13. City on Fire: A Boyhood in Aligarh (HarperCollins Publishers) by Zeyad Masroor Khan
A South Asia Speaks fellow, Zeyad Masroor Khan has been writing on culture and politics for several platforms. For the first time, he documents a book-length account of “the trauma of having to move on from injustice and tragedy” time and again.
14. The Book Beautiful: A Memoir of Collecting Rare and Fine Books (Hachette) by Pradeep Sebastian
In this unique memoir, the author narrates his journey of chancing upon fine press books and documents the “camaraderie between fellow collectors and dealers, bibliographic connoisseurship, the thrill of the chase, and the joy of striking a juicy bargain.”
15. Water in a Broken Pot: A Memoir (Penguin) by Yogesh Maitreya
Founder-publisher of Panther’s Paw Publication, Yogesh is a writer, poet, and translator. While he has produced and published several anti-caste works, his memoir will explore the pain, loneliness, and alienation he experienced because of his Dalit identity.
16. Origami Ai (Context, an imprint of Westland) by Manjiri Indurkar
After her searingly honest and gut-wrenching memoir, It’s All in Your Head, M, Manjiri Indurkar turns to poetry. Her latest is a collection of “tender, intimate and often nostalgic poems.”
17. History’s Angel (Bloomsbury) by Anjum Hasan
Author of critically acclaimed novels, Anjum Hasan is back with a novel set in contemporary Delhi and examines the rise of anti-Muslim sentiments.
18. Meru (Hachette) by SB Divya
In yet another sci-fi novel the first-ever South Asian finalist for the Nebula Award explores the “future of human-alloy relations”.
19. Victory City (Penguin) by Salman Rushdie
The latest Salman Rushdie is an epic tale of Pampa Kampana, who “whispers the fantastical empire” Bisnaga into existence.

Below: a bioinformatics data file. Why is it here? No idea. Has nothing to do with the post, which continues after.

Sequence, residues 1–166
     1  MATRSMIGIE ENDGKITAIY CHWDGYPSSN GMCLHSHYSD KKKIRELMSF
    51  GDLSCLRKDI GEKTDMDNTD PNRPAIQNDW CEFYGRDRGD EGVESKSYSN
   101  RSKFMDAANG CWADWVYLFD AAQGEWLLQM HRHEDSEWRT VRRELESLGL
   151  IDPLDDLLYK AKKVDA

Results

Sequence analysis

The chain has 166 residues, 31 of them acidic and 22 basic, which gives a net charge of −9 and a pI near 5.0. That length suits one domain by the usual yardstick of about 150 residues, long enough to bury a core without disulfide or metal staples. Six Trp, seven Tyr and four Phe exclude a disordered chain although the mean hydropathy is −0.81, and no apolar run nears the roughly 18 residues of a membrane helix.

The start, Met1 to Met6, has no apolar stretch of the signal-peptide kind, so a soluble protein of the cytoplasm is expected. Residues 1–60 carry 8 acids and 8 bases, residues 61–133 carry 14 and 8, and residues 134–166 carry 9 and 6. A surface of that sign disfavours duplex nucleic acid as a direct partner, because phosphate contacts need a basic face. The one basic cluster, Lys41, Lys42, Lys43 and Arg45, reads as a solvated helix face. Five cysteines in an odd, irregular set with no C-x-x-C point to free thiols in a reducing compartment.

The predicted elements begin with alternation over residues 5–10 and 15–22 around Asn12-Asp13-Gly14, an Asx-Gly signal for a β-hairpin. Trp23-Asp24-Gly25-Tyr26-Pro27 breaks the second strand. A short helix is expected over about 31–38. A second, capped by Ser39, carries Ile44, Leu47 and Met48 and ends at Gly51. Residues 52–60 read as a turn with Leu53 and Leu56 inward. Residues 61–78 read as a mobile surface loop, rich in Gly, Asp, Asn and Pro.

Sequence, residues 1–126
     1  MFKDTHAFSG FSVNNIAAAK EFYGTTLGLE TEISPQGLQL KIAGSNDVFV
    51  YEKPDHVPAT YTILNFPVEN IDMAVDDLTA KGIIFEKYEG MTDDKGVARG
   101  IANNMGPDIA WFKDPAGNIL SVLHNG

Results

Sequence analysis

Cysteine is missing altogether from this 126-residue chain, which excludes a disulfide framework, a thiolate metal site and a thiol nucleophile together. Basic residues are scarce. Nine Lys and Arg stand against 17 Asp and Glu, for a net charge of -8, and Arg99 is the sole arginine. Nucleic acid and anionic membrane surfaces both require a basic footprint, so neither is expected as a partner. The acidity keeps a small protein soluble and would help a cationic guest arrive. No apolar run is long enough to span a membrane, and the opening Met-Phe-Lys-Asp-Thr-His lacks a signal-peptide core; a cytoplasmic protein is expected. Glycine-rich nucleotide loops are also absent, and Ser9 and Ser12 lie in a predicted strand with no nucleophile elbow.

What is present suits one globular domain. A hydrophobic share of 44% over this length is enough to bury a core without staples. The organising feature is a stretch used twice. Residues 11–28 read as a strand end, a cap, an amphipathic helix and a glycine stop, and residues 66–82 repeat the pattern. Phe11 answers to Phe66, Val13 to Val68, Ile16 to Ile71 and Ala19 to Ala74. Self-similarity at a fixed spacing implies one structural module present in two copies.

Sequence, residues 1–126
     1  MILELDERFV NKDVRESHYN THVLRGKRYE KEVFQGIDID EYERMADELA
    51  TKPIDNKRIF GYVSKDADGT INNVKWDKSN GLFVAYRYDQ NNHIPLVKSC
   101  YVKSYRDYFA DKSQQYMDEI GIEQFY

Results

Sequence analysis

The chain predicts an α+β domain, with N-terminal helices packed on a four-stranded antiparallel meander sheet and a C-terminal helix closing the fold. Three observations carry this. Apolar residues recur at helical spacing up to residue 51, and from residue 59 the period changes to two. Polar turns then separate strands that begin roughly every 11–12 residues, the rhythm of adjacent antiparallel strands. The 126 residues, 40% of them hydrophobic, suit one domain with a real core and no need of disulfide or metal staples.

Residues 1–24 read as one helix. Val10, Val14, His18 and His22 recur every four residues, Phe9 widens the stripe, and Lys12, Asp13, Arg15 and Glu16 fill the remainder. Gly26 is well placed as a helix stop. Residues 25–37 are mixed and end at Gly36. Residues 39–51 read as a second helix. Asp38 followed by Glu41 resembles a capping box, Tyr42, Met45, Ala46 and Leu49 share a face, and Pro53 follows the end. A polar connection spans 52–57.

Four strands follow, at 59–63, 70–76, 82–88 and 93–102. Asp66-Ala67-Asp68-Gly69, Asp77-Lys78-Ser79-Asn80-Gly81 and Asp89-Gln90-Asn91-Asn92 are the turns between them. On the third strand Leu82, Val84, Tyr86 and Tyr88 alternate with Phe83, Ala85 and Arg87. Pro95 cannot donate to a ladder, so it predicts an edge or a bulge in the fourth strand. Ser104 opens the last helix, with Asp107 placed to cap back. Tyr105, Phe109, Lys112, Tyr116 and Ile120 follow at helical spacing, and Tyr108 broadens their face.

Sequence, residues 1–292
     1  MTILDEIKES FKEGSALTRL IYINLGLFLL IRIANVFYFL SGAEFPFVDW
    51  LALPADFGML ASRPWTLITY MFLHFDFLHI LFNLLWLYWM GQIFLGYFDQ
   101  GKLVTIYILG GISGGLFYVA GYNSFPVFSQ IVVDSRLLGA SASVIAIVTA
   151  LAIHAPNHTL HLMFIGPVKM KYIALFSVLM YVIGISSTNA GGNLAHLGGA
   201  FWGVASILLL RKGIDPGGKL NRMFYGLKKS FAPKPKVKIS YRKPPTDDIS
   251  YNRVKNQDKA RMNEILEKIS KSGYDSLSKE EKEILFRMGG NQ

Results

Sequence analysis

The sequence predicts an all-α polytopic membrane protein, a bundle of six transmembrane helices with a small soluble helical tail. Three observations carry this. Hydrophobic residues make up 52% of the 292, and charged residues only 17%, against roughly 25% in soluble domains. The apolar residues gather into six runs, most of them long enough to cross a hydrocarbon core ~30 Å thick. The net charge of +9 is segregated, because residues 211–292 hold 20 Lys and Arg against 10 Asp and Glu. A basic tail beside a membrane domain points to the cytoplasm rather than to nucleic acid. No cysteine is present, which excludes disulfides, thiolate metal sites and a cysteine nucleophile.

20. Medical Maladies: Stories of Disease and Cure from Indian Languages (Niyogi Books), edited and introduced by Haris Qadeer
This anthology, consisting of 19 short stories translated into English from an array of languages, is at the intersection of literature and medicine.
21. The Coincidence Plot (Simon & Schuster) by Anil Menon
Fiction editor at The Bombay Literary Magazine (TBLM) and writer of speculative short fiction, Anil Menon’s latest is set in “1930s Germany, 1970s Bombay, 1990s New York, and contemporary Bangalore.” Interestingly, author Raja Rao also features in the narrative.
22. Once Upon a Climate Change (HarperCollins Publishers) by Bijal Vachharajani
One waits for a writer like Bijal to sensitively weave in important issues facing our species. And in her latest, climate change “rewrites the human and fairy-tale world”.
23. The Broken Script: Delhi Under the East India Company and the Fall of the Mughal Dynasty, 1803-1857 (Speaking Tiger) by Swapna Liddle
Swapna Liddle is back with yet another book on Delhi, but it’s the change of the order that she documents in her latest in which “two regimes overlapped (Mughal rule declining, and the British East India Company gaining currency) and Delhi was at the cusp of modernity”.
24. Beyond Beliefs: The Untold Stories of India (Hachette) by KJ Arun
Beyond Belief unearths harrowing narratives from an “India that is hidden away from everyday life” — the world of “terrible poverty” forcing fathers to “sell their daughters” and how women continue to get exploited in the name of caste and religion.
25. An Unknown Indian (Juggernaut) by Neha Dixit
Journalist Neha Dixit’s “extraordinary work of reportage following the lives of one Muslim woman in India as she moves from city to city, one job to the next.” This book will note how multiple facets of a woman’s identity make her doubly, triply marginalised.